Happy New Year, everyone!
With the new year, here’s a new pattern to warm us up. Coming from a Danish partner, this pattern describes how to handle data entities when they need to be in a consistent or in a certain state before further processing can be allowed. Thank you Henrik Langbak and Kim Ginnerup from Bording Data for sharing this knowledge with the NAV developers community.
The NAV Patterns team
Meet the Pattern
This pattern prevent data from being used elsewhere before it is in a system consistent state.
Microsoft Dynamics NAV inserts a record as soon as the primary key has been set. But the record may not be in a valid state at this point in time. How do you know if a newly inserted record is ready for use?
Know the Pattern
Whenever you need to stall the release of data, you can use this pattern.
Because Microsoft Dynamics NAV decides when a record is written to the database, it may not be in a system consistent state. Nobody should use the record before everything is in place and the record is valid. An inserted record may even have data in other tables that needs to be inserted and in a valid state before other parts of the system can use the data without running into a problem.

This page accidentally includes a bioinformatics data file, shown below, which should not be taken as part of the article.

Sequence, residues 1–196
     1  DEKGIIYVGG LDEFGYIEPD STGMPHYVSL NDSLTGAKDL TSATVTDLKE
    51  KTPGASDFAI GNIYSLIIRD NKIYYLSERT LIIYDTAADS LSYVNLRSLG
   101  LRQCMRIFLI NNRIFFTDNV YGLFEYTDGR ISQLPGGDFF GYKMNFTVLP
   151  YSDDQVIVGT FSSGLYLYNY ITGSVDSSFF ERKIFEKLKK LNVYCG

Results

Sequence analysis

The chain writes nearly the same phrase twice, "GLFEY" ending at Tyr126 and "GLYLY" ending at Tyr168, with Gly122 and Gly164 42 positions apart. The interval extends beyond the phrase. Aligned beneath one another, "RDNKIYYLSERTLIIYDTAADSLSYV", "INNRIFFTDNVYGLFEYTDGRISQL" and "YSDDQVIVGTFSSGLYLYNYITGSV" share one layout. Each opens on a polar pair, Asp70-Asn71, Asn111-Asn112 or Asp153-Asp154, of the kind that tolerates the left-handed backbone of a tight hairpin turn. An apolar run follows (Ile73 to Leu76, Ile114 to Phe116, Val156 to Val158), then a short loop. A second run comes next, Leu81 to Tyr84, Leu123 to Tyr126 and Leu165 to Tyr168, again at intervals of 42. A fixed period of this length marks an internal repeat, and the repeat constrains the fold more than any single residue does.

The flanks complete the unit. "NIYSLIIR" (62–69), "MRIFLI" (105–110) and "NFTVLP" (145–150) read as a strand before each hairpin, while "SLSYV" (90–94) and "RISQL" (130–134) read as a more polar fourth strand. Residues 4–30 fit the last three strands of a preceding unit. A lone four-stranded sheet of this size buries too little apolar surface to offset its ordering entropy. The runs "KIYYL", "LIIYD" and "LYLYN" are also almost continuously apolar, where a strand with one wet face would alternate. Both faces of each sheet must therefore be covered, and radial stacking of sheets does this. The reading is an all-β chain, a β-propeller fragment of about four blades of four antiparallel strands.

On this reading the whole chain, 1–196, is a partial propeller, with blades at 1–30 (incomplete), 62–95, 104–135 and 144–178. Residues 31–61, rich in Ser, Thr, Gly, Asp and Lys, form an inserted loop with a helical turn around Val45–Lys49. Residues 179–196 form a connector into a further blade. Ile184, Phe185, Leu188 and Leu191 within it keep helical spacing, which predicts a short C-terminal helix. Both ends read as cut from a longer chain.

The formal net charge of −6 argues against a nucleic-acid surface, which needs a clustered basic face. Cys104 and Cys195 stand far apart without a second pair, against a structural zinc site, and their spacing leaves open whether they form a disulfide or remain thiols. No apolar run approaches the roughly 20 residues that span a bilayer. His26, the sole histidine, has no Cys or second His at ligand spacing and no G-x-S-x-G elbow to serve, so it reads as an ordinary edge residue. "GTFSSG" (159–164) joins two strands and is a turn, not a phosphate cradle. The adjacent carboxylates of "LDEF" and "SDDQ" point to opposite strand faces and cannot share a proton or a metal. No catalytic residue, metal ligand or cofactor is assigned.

Data entered into the system may have to be approved by a second person before it can be used.
Data requires different parties (e.g. Departments) to add information before data is valid.
The solution is an Option Field with two or three values:
(Open, Released) or (Open, Pending, Released)
The states should be interpreted as:
Not all data is in place. The record is system inconsistent. The record or record hierarchy is invisible for all other parts of the system.
The record is system consistent. But is awaiting someone to manually raise the state to Released.
All data is in place and the record is system consistent, and ready for use. It is now visible for the rest of the system. The state can never be reversed.
The option field name: Release State.
This pattern is very similar to the Blocked Entity pattern, but it has one significant difference.
The record is not visible to any part of the system, before it is in the Released state.
There is no going back. When the Released state is reached, it will stay that way for the life of the record. In case of a tri-state, it is ok to bypass Pending seen from a system state perspective.
If there is a hierarchy, e.g. Header and Lines, then the Release State field resides on the Header. As long as the Header remains unreleased, the lines are considered inconsistent and must not be used.
The important and critical part of this pattern is that the whole application needs to obey the “Release State”-contract or the system will fail.
Use the Pattern
To use this pattern you need to create an Option Field named: “Release State” with at least the two states: Open, Released.